There’s hope that with such early warning and increased vigilance, doctors may be able to prevent the worst outbreaks. And unless you’re in a hospital in New York, there’s probably not much to worry about just yet.

“It is important for New Yorkers to understand C. auris poses no risk to the general public,” New York State Health Commissioner Howard Zucker said in a press statement.

“[W]e’re taking aggressive actions to contain its spread in hospitals and nursing homes.”

The report is available online at Morbidity and Mortality Weekly Report. CDC also has answers to common questions about C. auris available here.

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International Clinical Trials Day – May 20

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Clinical Trials Day is celebrated around the world on or near May 20th each year in order to commemorate the day that a Scottish naval surgeon, James Lind, conducted what is often considered the first randomized clinical trial aboard a ship on May 20th, 1747. This year, Clinical Trials Day will be celebrated on Friday, May 19, 2017. In 1747, surgeon mate James Lind administered six different methods to attempt to heal sailors that were diagnosed with scurvy, with one of the methods involving oranges and lemons. This method healed the sailors, becoming a breakthrough for an intervention of scurvy, but more importantly demonstrating the potential power of a clinical trial.

The objective of Clinical Trials Day is not only to celebrate James Lind’s study but also to improve public health awareness on the various challenges confronted by scientists and other professionals when conducting clinical trials, as well as celebrate the patients and professionals that make clinical research possible. Meetings, activities and other social events in honor of Clinical Trials Day aim to increase engagement among the public and clinical health professionals alike.

Events Happening Around the World on May 19:

  • The Association of Clinical Research Professionals is providing printable posters and encouraging social media posts using #clinicalresearchers to spread awareness. You can also follow #clinicaltrialsday to see tagged posts on Twitter and tweet your support!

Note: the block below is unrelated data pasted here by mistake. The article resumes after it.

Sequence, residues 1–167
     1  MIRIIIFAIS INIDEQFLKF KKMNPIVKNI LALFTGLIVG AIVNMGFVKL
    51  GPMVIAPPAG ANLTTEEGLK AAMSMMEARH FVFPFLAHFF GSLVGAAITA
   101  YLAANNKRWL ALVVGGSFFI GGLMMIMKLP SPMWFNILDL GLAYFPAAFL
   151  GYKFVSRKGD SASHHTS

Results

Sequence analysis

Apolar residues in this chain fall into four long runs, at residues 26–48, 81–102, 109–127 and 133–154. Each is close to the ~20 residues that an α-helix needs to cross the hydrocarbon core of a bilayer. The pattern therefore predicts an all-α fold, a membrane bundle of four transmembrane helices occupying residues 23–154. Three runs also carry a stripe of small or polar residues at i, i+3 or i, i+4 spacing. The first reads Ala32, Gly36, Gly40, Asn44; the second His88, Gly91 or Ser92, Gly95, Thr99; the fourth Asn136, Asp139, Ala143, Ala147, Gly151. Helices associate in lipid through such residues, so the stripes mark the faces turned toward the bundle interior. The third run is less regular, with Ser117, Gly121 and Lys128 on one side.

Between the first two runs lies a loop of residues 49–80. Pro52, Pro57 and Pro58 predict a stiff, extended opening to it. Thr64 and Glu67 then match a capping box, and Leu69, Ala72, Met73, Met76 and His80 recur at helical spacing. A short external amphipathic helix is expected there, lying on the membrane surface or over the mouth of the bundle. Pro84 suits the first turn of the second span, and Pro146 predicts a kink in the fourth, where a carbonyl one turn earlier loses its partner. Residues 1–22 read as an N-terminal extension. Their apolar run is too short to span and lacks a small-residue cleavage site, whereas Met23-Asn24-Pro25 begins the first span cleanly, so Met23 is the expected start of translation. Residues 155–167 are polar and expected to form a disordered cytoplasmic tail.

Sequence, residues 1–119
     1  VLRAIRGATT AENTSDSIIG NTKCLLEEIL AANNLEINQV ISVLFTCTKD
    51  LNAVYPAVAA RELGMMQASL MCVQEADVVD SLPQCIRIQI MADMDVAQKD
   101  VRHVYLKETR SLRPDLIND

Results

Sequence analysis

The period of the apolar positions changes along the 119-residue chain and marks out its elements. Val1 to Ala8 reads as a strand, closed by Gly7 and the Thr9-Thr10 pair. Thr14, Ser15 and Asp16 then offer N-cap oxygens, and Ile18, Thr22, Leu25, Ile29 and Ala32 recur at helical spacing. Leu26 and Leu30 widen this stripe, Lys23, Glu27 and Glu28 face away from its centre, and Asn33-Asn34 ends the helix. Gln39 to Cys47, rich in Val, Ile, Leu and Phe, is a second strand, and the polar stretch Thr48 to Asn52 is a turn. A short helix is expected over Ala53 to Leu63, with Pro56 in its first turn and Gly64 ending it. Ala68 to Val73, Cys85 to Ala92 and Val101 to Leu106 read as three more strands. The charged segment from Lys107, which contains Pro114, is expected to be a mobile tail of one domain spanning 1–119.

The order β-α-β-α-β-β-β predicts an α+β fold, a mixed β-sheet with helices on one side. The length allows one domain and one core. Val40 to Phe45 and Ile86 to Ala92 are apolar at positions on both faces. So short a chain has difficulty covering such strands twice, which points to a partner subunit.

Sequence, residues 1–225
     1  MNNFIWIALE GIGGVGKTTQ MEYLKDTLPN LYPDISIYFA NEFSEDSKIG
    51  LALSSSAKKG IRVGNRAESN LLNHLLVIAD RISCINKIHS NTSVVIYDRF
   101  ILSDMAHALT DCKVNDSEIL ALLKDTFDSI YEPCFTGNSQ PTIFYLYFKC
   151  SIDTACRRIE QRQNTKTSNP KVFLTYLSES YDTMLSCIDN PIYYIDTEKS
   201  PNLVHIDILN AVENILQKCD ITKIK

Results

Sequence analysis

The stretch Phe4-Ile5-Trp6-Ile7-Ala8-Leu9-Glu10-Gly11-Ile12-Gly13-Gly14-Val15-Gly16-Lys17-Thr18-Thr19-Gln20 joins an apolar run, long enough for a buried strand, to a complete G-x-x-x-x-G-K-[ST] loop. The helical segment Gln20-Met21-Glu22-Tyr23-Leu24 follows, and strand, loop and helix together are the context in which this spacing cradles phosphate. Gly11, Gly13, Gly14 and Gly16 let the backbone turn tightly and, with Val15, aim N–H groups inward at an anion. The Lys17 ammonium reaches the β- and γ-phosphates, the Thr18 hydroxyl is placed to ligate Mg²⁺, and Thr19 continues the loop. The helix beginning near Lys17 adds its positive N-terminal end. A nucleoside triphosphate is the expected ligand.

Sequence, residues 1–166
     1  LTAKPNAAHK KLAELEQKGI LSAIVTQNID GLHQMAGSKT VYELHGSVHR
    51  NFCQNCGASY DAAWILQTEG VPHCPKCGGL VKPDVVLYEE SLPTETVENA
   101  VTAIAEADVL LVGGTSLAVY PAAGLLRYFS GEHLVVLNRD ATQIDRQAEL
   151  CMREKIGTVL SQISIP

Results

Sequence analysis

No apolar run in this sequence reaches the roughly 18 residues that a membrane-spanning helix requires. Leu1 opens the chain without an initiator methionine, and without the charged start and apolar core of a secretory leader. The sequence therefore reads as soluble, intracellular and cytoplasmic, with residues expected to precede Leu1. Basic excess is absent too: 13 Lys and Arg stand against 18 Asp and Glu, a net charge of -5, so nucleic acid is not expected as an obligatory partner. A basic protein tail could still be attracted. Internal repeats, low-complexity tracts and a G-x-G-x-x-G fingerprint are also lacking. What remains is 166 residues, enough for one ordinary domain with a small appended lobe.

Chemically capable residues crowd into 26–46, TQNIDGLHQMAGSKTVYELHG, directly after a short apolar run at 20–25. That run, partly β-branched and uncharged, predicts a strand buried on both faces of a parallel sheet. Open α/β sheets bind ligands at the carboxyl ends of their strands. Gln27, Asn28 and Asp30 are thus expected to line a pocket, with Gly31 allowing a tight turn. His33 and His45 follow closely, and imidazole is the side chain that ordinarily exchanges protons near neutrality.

• European Clinical Research Infrastructure Network’s (ECRIN) 2017 celebration of International Clinical Trials Day will take place in Lisbon, Portugal. The theme of their event this year is related to data sharing and reuse, focusing on engaging with the public, scientific community and decision makers on issues related to clinical trials in Europe and internationally.
  • At The University of Sheffield in the United Kingdom, interactive talks and discussions will be held by a group of researchers to inform the public on emergency care and mental health research. To better engage the public, a tour of the research facility at the Royal Hallamshire Hospital will be offered, as well as a chance to interact with some of the tests used in clinical trials.
  • To celebrate the patients and volunteers that have participated in clinical trials,  Malaysia hosted an event to honor Clinical Trials Day (on May 16) at the National Cancer Institute in Putrajaya. The event included the “I Am Aware” campaign to educate the public about the importance of clinical trials, promote the understanding of the benefits and risks of participation, and to provide resources to help individuals make informed decisions about research involvement.

These are just a few of the events that take place internationally to raise awareness and recognize improvements to public health because of clinical research.  Clinical Trials Day is just one way to bring more attention to clinical trials and their contributions to the medical field.

Clinical Trials Day follows the recent Clinical Trials Awareness Week which took place May 1-7, 2017. Clinical Trials Awareness Week is another event observed annually in May that is comprised of health care providers, patient advocates, medical researchers and industry and government stakeholders working together for one common goal – to increase public awareness about the importance of clinical trials participation.

What are some ways that you can become involved in a local event to help increase awareness both for yourself and your community?

Many organizations will host their own events to celebrate – let us know how you plan to celebrate Clinical Trials Day!